My Lords, does the Minister agree that the structure of the GP service, settled decades ago at the beginning of the National Health Service, is no longer fit for the current demands on primary care services? Could that be looked at in a serious way?

I think the structure of our GP service and primary care is envied around the world. It has many strengths, such as the partnership model being based in the community, but it is changing. For example, more GPs are employed in hospitals. There is a major programme of investment going into primary care, including new models of care around how GPs are structured, but the presence of primary care doctors in the community is one of the great strengths of the NHS.

My Lords, I welcome the review which the Minister has announced. Does he agree that it would be beneficial if we had a debate in this House on the review when it is out, and will he commit to trying to ensure that his Chief Whip gives us the time to have such a debate?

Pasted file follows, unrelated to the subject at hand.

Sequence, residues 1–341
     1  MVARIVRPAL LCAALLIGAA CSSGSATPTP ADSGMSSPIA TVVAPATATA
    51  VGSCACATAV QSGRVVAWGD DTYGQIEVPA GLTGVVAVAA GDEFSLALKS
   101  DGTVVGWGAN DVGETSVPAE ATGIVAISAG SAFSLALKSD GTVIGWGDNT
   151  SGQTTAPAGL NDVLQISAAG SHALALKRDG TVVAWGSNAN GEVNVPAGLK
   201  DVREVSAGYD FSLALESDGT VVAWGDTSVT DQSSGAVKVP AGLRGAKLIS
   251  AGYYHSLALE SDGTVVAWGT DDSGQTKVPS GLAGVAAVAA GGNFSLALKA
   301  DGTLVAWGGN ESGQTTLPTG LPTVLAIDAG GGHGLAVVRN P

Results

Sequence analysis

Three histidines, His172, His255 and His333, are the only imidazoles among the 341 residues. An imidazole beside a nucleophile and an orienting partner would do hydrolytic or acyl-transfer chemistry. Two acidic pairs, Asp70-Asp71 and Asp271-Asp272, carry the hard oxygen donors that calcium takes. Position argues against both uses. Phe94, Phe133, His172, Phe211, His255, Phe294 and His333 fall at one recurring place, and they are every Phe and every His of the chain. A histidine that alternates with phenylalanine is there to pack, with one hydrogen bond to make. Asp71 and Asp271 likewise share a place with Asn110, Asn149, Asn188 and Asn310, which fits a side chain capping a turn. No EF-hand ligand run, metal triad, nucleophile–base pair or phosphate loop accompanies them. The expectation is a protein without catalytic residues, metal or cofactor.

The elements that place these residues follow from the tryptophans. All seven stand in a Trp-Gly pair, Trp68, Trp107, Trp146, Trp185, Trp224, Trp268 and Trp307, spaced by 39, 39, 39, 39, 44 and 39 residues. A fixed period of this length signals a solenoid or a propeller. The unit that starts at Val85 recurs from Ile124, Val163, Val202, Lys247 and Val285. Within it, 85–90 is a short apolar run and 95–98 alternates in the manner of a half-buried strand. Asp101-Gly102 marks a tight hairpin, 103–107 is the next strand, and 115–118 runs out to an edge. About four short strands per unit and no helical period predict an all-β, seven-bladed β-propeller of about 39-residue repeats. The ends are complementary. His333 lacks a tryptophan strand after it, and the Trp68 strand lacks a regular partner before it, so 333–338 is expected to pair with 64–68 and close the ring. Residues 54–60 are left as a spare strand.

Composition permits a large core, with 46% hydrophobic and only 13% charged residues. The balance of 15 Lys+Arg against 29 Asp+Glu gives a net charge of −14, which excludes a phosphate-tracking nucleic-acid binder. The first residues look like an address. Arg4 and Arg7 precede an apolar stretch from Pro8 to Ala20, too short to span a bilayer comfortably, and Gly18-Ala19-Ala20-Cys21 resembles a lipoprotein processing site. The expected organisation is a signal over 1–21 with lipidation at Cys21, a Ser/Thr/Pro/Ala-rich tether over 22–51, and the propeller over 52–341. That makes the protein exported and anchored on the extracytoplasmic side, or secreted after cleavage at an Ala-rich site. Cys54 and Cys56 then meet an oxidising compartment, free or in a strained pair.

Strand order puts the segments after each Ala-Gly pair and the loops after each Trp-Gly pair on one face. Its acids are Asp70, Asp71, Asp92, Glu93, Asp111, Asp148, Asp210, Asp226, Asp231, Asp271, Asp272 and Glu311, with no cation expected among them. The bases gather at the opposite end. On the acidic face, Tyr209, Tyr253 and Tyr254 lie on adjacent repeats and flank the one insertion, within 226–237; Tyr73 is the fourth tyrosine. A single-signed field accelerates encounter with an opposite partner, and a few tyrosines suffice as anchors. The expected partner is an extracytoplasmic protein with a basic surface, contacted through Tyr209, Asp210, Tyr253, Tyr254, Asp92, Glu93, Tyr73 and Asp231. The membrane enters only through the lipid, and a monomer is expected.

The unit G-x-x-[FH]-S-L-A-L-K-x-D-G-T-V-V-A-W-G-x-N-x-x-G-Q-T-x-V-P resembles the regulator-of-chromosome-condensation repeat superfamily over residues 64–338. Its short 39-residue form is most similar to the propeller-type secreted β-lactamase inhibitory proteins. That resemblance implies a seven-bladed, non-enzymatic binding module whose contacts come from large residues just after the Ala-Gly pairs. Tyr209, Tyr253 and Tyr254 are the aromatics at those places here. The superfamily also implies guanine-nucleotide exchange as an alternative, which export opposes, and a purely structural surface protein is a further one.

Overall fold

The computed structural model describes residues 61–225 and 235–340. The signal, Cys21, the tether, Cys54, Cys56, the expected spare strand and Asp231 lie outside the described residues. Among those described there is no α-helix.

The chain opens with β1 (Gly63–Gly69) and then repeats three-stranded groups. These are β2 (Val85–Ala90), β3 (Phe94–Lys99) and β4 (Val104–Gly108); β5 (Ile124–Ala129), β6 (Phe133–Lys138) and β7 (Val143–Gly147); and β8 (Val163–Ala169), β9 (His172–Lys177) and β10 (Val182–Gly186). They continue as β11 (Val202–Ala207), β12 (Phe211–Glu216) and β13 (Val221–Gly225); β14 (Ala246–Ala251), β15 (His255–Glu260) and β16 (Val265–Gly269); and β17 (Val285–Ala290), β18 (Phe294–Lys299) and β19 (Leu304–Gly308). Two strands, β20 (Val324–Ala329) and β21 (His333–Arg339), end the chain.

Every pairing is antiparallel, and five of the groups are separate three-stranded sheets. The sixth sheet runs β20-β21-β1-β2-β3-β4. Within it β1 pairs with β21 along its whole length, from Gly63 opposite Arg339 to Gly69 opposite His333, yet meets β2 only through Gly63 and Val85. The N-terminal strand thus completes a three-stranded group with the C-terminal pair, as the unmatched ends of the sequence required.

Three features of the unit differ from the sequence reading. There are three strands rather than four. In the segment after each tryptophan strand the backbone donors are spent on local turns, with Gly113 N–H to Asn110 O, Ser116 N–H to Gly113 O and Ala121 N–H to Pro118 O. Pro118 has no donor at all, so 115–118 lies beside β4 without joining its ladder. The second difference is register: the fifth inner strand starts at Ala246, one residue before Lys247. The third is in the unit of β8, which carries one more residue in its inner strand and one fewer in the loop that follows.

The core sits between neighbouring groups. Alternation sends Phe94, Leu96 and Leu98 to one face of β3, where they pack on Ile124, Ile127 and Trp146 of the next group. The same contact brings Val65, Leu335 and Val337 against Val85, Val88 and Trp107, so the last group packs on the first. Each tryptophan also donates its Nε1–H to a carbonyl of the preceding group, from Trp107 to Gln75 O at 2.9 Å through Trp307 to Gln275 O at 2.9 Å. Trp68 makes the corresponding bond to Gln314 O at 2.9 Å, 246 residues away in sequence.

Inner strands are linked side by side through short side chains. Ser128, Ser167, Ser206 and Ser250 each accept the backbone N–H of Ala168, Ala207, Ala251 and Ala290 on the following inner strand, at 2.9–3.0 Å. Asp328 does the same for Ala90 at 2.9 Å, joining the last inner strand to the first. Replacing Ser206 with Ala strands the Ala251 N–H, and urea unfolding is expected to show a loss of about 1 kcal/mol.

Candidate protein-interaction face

I am not sure how much pressure I can bring on the Chief Whip for anything, but I look forward to debating the review in whatever form we can when it comes out.

My Lords, in view of the discussions about whether people from overseas should be able to use the health service, can the Minister tell us whether any statistics are kept on any impact they would have had during this crisis, or how much of our budget would have been spent on them?

I do not believe that we have specific statistics on the demand from overseas visitors during winter. I say to my noble friend that overseas visitors are most welcome to use the NHS but it is important that they pay. We are reclaiming more money than ever from overseas visitors to go into funding the NHS.

Is the Minister aware that the pressures on the health service are compounded by the difficulties in the social care system? We are promised a Green Paper. We were promised a carers action plan in January; it is now mid-April. Will he update the House on where we are with the carers action plan?

I know that it is still the intention of the department to publish a carers action plan, and I will write to the noble Baroness with the specific time as to when that may happen.